Pitt women's basketball team's struggles weigh heavy on coach
Even with her team's Big East regular-season losing streak at 31 games, Agnus Berenato still tries to project the same positivity she has throughout her 10 seasons as the Pitt women's basketball coach.
She doesn't scream or go on postgame tirades, at least not publicly. Berenato has a longstanding policy of not meeting with her team immediately after a game because emotions can be too high, and she believes in approaching every situation with a clear head. In front of reporters, she points out that her team is still young and has been plagued by injuries but hasn't given up.
Twenty minutes into a 30-minute conversation, however, Berenato reveals a symptom of the weight of her team's struggles.
“I don't sleep at night,”' she said. “I wake up in the middle of the night and write things down on paper for a new play or a different play or a thought that I might not remember in the morning. It's nothing for me at four in the morning to turn my iPad on and watch video because I'm awake. I'm so tired, but all I'm doing is thinking about the game.”
The Panthers (9-15, 0-11) haven't won a conference regular-season game since Feb. 15, 2011, when they beat Providence. During the two years since then, they have come heartbreakingly close on several occasions — including an 85-83 double-overtime loss to Providence at home Feb. 6 — but have beaten a Big East opponent just once, topping USF in the first round of the Big East Tournament on March 4, 2011.
That's bad, but perhaps even worse is Pitt's Big East record since they went 12-4 and advanced to the Sweet Sixteen in the NCAA Tournament in 2008-09, their fourth consecutive 20-win season. In the four seasons since, including this year, they are 10-49 in the Big East regular season.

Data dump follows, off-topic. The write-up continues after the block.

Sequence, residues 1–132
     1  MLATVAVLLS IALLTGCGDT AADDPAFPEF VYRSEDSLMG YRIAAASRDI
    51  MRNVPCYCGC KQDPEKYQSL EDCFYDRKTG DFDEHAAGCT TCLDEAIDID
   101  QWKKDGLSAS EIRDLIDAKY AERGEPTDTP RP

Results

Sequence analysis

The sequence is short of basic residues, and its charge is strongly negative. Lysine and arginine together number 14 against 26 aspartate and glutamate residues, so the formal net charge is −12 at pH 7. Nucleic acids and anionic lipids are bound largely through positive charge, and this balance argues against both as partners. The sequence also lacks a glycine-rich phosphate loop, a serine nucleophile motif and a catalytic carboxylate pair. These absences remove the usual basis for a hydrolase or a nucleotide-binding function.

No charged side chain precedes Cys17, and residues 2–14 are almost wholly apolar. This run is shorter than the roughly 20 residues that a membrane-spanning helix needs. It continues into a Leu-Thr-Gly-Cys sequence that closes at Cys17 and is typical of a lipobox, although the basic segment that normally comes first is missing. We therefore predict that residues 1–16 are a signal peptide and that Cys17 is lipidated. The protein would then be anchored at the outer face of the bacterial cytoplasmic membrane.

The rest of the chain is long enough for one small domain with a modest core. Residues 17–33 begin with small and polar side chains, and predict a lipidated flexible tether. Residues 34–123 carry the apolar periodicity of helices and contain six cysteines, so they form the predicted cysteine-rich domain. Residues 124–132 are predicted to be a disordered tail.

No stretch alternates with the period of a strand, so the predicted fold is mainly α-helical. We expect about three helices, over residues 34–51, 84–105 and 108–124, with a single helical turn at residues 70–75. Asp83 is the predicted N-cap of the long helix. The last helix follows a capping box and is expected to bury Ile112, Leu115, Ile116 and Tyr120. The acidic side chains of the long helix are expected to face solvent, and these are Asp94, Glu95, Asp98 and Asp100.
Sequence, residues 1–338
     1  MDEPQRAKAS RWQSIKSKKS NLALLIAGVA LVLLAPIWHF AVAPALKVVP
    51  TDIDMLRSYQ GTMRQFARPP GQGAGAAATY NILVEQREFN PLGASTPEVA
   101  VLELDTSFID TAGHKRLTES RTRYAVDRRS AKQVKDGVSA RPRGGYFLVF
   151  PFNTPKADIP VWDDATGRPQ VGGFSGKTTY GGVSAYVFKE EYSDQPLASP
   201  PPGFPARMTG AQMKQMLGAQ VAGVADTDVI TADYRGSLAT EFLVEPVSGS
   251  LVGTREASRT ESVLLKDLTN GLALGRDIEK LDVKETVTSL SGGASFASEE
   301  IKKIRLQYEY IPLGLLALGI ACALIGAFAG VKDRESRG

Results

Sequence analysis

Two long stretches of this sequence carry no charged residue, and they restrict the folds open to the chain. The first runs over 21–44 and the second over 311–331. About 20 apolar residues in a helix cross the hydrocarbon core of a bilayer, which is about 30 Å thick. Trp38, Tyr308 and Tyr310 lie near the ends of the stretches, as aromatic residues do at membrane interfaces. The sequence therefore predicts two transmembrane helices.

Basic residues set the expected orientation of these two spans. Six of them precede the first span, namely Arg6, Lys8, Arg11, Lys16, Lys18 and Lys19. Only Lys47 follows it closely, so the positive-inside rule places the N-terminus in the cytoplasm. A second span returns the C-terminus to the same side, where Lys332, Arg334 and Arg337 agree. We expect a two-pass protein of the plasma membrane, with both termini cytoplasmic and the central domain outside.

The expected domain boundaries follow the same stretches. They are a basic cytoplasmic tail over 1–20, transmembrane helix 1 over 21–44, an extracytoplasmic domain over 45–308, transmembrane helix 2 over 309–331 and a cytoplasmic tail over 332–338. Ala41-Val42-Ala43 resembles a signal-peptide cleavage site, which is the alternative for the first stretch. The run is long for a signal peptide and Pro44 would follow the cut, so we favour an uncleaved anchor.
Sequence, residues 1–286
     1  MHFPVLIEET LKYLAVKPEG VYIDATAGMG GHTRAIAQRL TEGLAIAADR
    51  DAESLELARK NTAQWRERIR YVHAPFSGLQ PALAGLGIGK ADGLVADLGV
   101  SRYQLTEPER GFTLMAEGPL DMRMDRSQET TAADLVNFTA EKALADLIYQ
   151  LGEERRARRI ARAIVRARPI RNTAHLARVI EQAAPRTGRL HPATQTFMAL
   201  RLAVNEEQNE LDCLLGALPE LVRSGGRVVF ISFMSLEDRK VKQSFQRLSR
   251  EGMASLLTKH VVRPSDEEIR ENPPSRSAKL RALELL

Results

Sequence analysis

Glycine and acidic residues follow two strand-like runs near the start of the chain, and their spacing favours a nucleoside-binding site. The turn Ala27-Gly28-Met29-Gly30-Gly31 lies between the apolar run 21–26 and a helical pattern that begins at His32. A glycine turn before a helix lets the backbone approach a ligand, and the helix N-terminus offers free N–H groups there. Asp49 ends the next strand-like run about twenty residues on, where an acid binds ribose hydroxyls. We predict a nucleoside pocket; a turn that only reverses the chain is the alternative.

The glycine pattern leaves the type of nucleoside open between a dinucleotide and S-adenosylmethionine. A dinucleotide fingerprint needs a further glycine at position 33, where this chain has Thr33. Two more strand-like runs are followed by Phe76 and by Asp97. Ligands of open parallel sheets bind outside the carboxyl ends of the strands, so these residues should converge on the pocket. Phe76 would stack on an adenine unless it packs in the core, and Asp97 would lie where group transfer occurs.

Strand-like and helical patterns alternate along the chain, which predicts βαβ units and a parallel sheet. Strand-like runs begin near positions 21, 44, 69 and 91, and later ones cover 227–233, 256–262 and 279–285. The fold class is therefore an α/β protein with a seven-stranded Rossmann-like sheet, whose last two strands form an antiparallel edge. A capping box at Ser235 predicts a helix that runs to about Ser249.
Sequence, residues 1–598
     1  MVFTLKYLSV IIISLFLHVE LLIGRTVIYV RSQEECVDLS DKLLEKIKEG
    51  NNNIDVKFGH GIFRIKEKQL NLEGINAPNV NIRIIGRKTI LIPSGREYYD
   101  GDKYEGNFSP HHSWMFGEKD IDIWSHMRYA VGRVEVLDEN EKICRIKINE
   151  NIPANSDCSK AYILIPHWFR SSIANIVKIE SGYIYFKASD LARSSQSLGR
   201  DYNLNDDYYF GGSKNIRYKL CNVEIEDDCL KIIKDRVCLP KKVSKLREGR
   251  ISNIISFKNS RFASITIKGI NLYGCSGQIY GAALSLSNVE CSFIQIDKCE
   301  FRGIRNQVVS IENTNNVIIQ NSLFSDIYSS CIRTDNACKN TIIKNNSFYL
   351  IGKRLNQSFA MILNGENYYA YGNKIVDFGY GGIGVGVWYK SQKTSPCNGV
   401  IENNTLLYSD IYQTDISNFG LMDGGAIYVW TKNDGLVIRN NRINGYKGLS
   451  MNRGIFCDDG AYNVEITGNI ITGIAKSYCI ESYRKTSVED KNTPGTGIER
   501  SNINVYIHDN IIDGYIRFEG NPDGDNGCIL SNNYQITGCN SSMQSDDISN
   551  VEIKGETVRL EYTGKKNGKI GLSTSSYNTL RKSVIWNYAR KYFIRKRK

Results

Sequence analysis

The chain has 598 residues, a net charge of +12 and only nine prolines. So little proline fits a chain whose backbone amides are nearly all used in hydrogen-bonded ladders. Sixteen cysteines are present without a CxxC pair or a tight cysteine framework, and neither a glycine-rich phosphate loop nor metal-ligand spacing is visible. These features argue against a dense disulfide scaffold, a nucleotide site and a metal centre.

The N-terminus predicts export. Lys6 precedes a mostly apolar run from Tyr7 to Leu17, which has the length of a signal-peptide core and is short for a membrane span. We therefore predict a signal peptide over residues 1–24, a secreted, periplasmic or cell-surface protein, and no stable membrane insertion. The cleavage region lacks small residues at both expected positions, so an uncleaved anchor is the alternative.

If there is a silver lining, it is that Pitt will not set the record for the longest losing streak in the Big East even if they finish the season 0-16 for the second year in a row. Providence holds the record at 39 consecutive losses, there are only five games left this year, and Pitt moves to the ACC next season.
After last year's 0-16 performance, the coaching staff changed the system by making it simpler and also changed the practice routine, devoting more time to individual skills. So far it hasn't impacted the results, but the numbers do show some evidence of improvement.
Compared to Big East play last season, the Panthers' scoring, 3-point shooting percentage and rebounding numbers are all up, while turnovers are down by nearly seven per game. Their offense, at 61.1 points per game, is ranked ninth in the conference, their defense is 11th and their rebounding offense is fifth (40.9 points per game).
“We're still working and still trying to get where we need to be,” said sophomore Brianna Kiesel, whose Big East scoring average is up nearly two points per game this year to 14.4. “We've had a lot of close games. It's just getting over that hump.”
The last two games against No. 10 Louisville and No. 23 Syracuse were not competitive affairs. The Panthers set the tone early in Saturday's 80-39 loss at Syracuse by turning the ball over often, and their poor shooting and defensive breakdowns allowed the Orange to run away with it. It was their second-lowest scoring game and their largest margin of defeat of the conference schedule.